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Cowboy in Flames

Rate It! Avg: 4.0 (74 ratings)
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Cowboy in Flames album cover
01
See Willy Fly By
3:57
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02
Waco Express
3:16
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03
Take Me to the Fires
3:31
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04
Out There Aways
3:43
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05
Dollar Dress
4:31
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06
Out in the Light
4:35
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07
Cowboy in Flames
3:31
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08
Fast Train Down
4:45
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09
Wreck on the Highway
2:33
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10
Dry Land
3:49
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11
Do What I Say
2:32
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12
White Lightning
3:01
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13
Big River
2:25
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14
The Death of Country Music
3:02
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Album Information
EDITOR'S PICK

Total Tracks: 14   Total Length: 49:11

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They Say All Music Guide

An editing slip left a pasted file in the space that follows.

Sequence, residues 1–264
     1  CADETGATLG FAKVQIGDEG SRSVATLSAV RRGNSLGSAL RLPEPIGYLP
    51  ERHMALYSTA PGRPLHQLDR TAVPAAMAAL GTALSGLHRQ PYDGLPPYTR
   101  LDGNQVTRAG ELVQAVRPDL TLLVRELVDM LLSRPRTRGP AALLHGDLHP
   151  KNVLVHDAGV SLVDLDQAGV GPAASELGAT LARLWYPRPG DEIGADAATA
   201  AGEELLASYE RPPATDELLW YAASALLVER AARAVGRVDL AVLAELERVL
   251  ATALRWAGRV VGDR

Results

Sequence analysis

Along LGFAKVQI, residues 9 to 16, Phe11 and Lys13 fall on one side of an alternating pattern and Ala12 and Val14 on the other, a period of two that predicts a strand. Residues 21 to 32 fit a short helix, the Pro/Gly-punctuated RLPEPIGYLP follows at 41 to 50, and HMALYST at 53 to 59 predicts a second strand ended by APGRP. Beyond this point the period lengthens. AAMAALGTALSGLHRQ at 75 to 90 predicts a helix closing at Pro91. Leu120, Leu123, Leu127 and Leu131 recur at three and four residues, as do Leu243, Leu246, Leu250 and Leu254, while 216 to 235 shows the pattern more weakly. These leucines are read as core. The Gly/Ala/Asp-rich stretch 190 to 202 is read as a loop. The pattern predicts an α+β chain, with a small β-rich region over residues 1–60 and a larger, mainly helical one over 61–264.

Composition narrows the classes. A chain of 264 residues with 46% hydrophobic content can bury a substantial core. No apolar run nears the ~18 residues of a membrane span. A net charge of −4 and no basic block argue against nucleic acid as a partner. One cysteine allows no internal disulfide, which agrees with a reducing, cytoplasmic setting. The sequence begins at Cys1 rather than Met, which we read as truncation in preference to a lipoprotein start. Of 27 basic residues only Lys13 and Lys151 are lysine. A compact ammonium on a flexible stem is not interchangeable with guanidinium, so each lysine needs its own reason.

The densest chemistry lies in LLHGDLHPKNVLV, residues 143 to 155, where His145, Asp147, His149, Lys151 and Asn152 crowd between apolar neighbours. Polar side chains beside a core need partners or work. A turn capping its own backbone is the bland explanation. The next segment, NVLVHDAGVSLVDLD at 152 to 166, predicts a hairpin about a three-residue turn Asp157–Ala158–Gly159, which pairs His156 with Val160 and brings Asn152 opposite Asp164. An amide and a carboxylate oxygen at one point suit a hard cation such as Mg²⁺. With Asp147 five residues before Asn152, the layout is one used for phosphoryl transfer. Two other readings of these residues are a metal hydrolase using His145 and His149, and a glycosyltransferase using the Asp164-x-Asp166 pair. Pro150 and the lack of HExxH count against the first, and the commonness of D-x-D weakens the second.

On To the Last Dead Cowboy, the Waco Brothers sounded like one of Jon Langford’s better side projects; on Cowboy in Flames, they sounded like a real band, and a damn good one at that, and that made all the difference in the world. A year and a half of gigging around the Midwest had given substance to the Wacos claim of being “the World’s Tuffest Country Band,” while the full-time addition of Mark Durante on steel guitar reinforced the twang in their tone as Langford and Dean Schlabowske kicked up the wattage on their guitars. The working-class rage that bubbled under the surface of the first album came to a full boil on Cowboy in Flame, and that passion fueled the sweaty, urgent rage of the best cuts, especially “See Willy Fly By,” “Take Me to the Fires,” and the title cut. At the same time, the band proved the could slow things down and still make their music connect, as “Dollar Dress” and “Dry Land” eloquently testify. The inspired covers (supercharged arrangements of “White Lightning” and “Wreck on the Highway”) make clear the band’s nitro-fueled take on classic country comes from a place of love and respect, and the final cut, “Death of Country Music.” speaks volumes about what’s wrong with the current state of mainstream C&W (and, by extension, American culture). Some wag once described the Waco Brothers as “half Cash, half Clash,” and, on Cowboy in Flames, they sound strong enough to make good on both halves of that equation. A triumph, and one of the finest albums to emerge from the Chicago alt-country scene. – Mark Deming

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